Admittedly, in the title of this piece I am playing off the TV ads for beach vacations at Ocean City, Maryland, but the underlying issue is serious. The June 10 Washington Post reported that “school administrators” at a Northern Virginia high school had forced two female Muslim students to bring notes from home to prove they were wearing hijabs (head scarves) for religious purposes. http://wapo.st/2srfAeb This reportedly occurred because the school has a policy against students wearing hats or other head coverings except for religious purposes. Apparently, the girls’ word was insufficient and there were repeated instances of administrator challenges, sometimes in front of other students.
Ultimately, the school “administrators” apologized and revised the policy so that students don’t have to prove any religious practice to wear a hijab. Fine, as far as it goes. But you can imagine where this kind of thing leads.
Why, for example, in the current fraught context of controversy spawned by the Trump administration over whether Muslims are welcome in the United States, would a non-Muslim student be forbidden from wearing a hijab as a demonstration of support for Muslims? What educational objective is secured by preventing such acts of good will among students? Suppose hundreds of students decided to wear a hijab to school one day to support their fellow Muslim students during Ramadan? What is the real problem here? Is it the same problem if Orthodox Jewish students want to wear a yarmulke to school?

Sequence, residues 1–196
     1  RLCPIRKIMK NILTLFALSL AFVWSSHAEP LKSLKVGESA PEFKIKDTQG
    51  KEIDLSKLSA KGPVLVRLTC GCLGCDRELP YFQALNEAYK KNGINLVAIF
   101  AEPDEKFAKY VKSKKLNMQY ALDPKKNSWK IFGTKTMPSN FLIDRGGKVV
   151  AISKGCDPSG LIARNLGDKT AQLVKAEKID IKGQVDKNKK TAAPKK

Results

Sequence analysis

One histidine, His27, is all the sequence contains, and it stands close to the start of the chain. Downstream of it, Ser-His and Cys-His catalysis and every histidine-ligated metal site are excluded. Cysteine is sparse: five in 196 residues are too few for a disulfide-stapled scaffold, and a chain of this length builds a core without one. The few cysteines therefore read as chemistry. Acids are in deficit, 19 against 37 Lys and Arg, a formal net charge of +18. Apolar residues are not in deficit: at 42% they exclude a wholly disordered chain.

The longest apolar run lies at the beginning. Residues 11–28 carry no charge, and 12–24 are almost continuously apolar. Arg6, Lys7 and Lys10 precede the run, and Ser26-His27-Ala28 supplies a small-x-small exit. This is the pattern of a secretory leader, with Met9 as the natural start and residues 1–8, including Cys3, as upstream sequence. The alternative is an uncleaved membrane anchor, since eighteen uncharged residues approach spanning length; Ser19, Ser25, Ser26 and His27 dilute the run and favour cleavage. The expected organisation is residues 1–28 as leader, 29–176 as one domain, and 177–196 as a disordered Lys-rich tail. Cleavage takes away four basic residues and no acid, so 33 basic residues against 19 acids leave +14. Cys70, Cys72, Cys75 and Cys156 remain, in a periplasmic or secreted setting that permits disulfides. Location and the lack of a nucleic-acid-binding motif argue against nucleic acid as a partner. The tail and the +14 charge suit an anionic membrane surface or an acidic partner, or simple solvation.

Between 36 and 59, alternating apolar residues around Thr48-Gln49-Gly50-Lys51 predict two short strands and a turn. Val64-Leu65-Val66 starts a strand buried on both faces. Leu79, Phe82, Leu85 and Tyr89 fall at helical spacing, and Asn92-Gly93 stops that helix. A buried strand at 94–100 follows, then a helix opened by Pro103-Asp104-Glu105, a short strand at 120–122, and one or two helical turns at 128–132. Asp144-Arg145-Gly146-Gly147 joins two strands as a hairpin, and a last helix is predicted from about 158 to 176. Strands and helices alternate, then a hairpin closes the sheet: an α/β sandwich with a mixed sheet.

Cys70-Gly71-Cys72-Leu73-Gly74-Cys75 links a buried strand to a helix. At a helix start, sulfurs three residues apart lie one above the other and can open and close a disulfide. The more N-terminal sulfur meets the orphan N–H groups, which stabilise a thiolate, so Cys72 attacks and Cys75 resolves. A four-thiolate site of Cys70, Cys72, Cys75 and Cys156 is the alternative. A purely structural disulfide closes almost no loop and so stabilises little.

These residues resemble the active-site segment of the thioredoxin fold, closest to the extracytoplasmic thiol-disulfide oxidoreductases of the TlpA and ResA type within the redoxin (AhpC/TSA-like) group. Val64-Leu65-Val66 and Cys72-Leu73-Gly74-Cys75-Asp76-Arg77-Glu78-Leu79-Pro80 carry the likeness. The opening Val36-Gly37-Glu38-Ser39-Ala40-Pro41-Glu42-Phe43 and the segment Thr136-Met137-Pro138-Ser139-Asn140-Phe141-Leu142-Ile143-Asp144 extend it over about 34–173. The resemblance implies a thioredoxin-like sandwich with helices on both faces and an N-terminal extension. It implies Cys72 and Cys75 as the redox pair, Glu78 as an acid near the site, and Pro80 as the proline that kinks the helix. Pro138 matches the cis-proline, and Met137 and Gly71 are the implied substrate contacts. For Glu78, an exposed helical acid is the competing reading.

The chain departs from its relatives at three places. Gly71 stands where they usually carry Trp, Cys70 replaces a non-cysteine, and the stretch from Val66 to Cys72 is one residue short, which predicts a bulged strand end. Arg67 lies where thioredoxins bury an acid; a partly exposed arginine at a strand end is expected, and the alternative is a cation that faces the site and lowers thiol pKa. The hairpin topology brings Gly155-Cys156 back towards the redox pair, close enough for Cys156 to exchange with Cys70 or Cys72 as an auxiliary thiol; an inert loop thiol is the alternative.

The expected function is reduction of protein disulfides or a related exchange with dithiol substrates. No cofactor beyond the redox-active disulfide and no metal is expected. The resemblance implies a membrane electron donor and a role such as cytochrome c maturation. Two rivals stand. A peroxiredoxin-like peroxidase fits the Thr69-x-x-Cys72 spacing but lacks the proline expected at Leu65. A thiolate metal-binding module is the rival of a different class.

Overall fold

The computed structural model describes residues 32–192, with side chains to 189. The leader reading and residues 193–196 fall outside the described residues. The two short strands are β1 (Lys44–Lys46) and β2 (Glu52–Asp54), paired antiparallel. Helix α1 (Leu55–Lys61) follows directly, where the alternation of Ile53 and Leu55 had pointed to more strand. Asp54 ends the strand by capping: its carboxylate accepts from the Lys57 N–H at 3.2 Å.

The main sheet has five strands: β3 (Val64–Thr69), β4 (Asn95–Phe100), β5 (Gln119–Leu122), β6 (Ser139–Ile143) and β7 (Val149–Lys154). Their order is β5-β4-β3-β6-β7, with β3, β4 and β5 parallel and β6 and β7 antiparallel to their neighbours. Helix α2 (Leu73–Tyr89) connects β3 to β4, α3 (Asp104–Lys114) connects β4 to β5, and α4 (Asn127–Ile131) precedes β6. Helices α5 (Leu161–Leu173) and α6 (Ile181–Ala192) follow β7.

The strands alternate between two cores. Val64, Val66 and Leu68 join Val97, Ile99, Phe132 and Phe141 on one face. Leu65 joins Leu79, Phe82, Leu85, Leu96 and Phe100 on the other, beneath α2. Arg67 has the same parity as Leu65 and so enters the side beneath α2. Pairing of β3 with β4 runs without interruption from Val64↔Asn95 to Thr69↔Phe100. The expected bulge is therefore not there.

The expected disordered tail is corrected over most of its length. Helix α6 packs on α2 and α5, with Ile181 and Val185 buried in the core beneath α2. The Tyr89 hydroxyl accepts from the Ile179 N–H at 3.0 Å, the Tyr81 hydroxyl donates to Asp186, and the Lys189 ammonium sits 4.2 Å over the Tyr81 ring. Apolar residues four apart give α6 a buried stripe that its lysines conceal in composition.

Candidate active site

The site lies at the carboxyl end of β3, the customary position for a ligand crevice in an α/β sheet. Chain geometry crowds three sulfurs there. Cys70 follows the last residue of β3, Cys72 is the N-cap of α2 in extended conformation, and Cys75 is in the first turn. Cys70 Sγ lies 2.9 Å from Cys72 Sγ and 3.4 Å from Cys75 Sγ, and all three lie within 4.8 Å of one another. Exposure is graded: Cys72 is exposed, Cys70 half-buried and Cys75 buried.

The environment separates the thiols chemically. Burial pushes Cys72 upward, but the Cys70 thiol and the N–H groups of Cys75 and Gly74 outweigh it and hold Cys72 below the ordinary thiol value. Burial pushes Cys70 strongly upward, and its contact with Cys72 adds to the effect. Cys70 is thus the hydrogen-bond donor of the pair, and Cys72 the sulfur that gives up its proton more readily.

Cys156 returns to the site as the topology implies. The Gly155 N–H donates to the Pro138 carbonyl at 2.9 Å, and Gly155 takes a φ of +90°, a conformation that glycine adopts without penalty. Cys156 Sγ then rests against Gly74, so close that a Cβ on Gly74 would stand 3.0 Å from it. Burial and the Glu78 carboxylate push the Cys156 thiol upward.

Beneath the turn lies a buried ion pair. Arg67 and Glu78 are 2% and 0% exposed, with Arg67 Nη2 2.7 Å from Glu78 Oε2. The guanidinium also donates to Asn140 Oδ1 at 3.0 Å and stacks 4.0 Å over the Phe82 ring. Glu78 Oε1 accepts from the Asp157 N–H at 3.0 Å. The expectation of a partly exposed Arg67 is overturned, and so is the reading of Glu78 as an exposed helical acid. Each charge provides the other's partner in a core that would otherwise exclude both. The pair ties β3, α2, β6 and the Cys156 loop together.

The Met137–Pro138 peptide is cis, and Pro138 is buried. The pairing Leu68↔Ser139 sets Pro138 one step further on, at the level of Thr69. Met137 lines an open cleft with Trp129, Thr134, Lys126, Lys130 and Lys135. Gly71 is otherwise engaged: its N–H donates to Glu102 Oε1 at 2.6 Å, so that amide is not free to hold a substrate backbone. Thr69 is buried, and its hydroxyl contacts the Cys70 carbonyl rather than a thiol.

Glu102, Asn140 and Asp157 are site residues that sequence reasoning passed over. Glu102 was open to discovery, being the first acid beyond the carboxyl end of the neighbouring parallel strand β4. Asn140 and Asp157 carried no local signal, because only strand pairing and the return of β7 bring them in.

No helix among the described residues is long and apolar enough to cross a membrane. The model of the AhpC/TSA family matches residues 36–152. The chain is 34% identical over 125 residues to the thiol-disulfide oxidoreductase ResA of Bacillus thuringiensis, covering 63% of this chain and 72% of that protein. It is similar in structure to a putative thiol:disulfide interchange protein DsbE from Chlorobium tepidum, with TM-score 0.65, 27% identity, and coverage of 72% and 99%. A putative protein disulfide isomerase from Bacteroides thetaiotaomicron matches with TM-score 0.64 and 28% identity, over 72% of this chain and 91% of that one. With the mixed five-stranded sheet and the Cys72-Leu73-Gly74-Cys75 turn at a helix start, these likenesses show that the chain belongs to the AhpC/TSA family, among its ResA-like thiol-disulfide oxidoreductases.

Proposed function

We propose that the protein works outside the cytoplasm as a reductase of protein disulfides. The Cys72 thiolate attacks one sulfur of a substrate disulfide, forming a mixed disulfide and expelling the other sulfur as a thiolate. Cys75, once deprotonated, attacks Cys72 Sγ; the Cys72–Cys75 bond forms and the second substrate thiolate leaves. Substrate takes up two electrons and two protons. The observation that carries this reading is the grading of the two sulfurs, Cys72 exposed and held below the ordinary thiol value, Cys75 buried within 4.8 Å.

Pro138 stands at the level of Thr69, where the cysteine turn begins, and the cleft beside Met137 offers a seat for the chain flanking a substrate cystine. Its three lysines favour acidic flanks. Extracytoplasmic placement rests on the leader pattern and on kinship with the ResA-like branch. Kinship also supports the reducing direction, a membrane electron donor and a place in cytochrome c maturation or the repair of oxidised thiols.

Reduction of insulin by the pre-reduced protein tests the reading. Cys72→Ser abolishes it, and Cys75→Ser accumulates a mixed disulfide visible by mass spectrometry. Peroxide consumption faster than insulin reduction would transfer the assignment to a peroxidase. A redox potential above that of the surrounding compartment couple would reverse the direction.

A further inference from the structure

Among the lessons of formal schooling are learning new things while you, hopefully, grow up. This surely includes associating with new people, not all of whom are going to be like you. Schools should be promoting more interactions among “unlike” students so that, as they continue to mature and enter the adult world, they are more open to and better prepared to deal with the myriad types of people with whom they will interact at work and elsewhere. This healthy process is enhanced, I suggest, by allowing students to “be different” if they choose to be.
The main qualification on “being different” in school would be the problem of disruption or, as it is often portrayed, “distraction” of other students. But the question there is really ‘who is responsible for the distraction?’ If it is merely a passive expression of difference (I’m wearing a hijab and you’re not), any distraction problem should be laid at the feet of the distracted student and not at the student who is merely different. This approach would not apply, obviously, if the issue were overt behavior such as, for example, making a speech in class when the students are supposed to be working quietly on math problems.
For the most part, if school administrators left the students alone to be themselves while acknowledging and showing respect for their differences, some of that likely would rub off on the students. On the other hand, the intervention of the school in ways that seem to disparage students’ separate and different identities is also noticed by students. What lesson do they take away from such episodes?
It might be argued by some that enforcing “no differences” rules is just another way of acclimating students to accept the fact that they will be subject to arbitrary rules from time to time. In a society already struggling with the tribalist tendency to associate only with those just like us, and to listen only to opinions with which we already agree, reinforcing the lesson of acquiescence in arbitrary rules is a mistake. Students should instead be encouraged to, peacefully but persuasively, challenge arbitrary rules that teach nothing of real use.
They are called schools for a reason – to learn and not to merely reinforce what parents already believe.